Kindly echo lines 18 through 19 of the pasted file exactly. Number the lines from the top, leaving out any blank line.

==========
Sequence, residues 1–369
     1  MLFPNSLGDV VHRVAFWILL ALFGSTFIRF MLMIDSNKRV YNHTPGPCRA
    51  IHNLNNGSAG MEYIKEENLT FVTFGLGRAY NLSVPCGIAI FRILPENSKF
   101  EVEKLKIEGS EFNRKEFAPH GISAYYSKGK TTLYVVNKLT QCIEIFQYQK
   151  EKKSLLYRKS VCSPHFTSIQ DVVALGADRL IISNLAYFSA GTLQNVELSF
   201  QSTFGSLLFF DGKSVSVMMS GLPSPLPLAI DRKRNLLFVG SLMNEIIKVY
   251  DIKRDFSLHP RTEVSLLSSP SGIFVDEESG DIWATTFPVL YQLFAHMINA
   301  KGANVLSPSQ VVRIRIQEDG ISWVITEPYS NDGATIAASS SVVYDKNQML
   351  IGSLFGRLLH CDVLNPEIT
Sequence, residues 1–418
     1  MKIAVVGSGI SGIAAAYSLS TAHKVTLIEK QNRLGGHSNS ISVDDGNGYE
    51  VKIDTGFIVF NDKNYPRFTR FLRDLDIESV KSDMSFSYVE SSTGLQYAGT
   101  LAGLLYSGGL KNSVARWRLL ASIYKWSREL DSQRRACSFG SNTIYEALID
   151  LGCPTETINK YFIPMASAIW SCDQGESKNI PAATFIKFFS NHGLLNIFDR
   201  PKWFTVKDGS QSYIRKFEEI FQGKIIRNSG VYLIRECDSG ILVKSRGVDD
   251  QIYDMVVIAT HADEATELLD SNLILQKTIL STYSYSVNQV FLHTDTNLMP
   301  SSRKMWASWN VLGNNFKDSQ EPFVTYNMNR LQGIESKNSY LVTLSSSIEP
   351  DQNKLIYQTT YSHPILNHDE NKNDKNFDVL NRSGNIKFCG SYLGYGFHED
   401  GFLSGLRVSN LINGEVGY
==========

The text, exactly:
   351  DQNKLIYQTT YSHPILNHDE NKNDKNFDVL NRSGNIKFCG SYLGYGFHED
   401  GFLSGLRVSN LINGEVGY